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N.Y. Times Reporter to Again Testify Before Grand Jury in CIA Leak Case

Judith Miller turns over new notes and plans to 'supplement' earlier testimony, her boss says.

October 12, 2005|Richard B. Schmitt | Times Staff Writer

WASHINGTON — New York Times reporter Judith Miller agreed Tuesday to make a second appearance before a federal grand jury after turning over newly discovered notes and meeting with prosecutors investigating the naming of a CIA operative, the newspaper said.

Miller agreed to testify today to "supplement her earlier testimony," New York Times Executive Editor Bill Keller said in an e-mail to the Times staff.

The request, from special prosecutor Patrick J. Fitzgerald, followed a meeting between Miller and Fitzgerald on Tuesday at which the reporter turned over "additional notes" and answered questions, Keller said.

Fitzgerald is believed to be near the end of a 21-month investigation into whether the Bush White House illegally disclosed the identity of CIA operative Valerie Plame in a bid to discredit an administration critic, former envoy Joseph C. Wilson IV, who is married to Plame.

The prosecutor has cast a wide net, interviewing numerous journalists and administration figures. They include White House Deputy Chief of Staff Karl Rove, who is expected to make a fourth appearance before the grand jury this week.

Although Fitzgerald may seek to extend its term, the grand jury he has been using to investigate the case is set to expire Oct. 28.

Miller, 57, a Times investigative reporter and foreign correspondent, testified for three hours before the grand jury Sept. 30 about conversations she had with vice presidential aide I. Lewis "Scooter" Libby. Miller had initially refused to cooperate with Fitzgerald, and spent 85 days in jail for contempt of court.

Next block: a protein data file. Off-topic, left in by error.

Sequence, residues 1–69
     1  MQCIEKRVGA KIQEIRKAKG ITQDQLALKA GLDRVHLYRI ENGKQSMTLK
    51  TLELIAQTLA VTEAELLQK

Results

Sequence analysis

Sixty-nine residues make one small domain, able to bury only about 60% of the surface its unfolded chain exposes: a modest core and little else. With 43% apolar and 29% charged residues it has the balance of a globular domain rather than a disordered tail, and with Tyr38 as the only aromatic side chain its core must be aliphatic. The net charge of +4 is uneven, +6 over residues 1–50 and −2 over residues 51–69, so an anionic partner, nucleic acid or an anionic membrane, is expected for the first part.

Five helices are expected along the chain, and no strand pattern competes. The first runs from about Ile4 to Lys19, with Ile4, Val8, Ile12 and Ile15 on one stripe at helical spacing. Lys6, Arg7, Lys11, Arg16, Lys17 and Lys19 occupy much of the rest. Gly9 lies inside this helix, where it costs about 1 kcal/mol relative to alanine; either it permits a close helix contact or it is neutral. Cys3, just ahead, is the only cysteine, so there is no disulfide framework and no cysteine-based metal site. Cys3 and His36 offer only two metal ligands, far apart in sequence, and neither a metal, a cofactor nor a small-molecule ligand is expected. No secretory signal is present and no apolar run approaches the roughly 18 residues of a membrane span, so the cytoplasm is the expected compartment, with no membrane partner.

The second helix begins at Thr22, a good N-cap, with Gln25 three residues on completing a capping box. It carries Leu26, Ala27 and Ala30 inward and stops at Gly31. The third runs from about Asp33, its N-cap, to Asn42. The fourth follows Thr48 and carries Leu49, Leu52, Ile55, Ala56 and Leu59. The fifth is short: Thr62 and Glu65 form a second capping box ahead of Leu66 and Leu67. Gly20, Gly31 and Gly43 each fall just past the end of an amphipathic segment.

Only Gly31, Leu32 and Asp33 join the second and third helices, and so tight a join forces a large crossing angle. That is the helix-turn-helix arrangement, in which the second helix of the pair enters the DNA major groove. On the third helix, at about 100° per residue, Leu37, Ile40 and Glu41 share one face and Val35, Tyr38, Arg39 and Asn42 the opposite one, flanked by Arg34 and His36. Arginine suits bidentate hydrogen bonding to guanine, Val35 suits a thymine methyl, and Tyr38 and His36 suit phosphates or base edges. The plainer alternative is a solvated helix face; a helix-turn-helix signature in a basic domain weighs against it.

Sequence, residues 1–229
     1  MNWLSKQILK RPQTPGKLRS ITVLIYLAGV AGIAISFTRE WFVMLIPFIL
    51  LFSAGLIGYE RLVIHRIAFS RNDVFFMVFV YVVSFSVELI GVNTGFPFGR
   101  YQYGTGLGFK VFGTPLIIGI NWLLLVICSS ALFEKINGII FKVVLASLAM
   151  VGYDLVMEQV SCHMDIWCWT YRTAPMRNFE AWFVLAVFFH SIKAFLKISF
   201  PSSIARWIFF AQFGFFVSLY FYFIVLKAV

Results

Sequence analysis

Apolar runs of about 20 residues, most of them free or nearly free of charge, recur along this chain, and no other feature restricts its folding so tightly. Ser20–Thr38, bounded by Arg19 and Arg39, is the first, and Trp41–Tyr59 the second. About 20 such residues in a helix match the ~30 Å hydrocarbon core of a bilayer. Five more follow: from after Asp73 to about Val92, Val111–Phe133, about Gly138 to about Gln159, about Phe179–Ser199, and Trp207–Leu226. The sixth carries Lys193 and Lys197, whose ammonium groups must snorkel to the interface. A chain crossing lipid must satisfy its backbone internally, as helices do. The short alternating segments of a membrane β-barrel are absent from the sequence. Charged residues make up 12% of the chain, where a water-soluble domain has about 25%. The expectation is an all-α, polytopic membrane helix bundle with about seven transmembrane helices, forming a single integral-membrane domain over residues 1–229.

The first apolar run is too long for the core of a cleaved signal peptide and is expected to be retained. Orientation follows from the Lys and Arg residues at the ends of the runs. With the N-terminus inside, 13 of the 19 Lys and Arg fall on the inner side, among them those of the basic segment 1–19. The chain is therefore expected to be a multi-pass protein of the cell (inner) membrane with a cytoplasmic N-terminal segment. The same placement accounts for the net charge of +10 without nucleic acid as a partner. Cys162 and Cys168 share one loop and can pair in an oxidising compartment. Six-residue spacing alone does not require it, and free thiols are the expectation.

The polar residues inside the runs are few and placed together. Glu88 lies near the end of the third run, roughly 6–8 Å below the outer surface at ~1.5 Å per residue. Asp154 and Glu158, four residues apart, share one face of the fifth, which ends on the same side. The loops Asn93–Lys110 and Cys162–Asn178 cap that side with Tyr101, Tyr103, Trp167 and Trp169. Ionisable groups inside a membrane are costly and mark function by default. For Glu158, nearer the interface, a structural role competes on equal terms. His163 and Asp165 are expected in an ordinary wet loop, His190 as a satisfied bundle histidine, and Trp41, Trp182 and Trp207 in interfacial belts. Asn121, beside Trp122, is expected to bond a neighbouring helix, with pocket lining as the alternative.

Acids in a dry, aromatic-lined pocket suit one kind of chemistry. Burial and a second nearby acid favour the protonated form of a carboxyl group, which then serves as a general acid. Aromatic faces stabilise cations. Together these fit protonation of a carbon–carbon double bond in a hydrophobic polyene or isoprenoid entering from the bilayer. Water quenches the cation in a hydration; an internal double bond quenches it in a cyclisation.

She relented, she said, after Libby gave her personal assurances that allowed her to testify and released her from a pledge of confidentiality. Miller never wrote about Plame.

Keller did not elaborate about the new testimony that Miller planned to offer. In his e-mail, he said the development "means that for a couple more days she remains under a contempt-of-court order, and is not yet clear of legal jeopardy."

The paper has reported that she planned to discuss with Fitzgerald a conversation she had with Libby on June 23, 2003, and that her notes indicated Wilson was discussed. The paper said Miller discovered the notes after her first grand jury appearance and offered them to the prosecutor, who subsequently sought her appearance again before the grand jury.

The conversation could be significant because it suggests that administration figures were discussing Wilson with reporters even before he wrote an op-ed piece in the New York Times on July 6, 2003, that criticized the intelligence the administration used to launch the war in Iraq.

Eight days after Wilson's article, Plame's identity was publicly revealed in an article by syndicated columnist Robert Novak.

Joseph Tate, Libby's lawyer, could not be reached for comment Tuesday. Tate has disputed an assertion by Miller's lawyers that Libby had not encouraged Miller to testify.

Tate has said that Libby gave Miller a waiver to testify more than a year ago. Miller's lawyers have said the reporter did not believe the waiver was personally reassuring or adequate.

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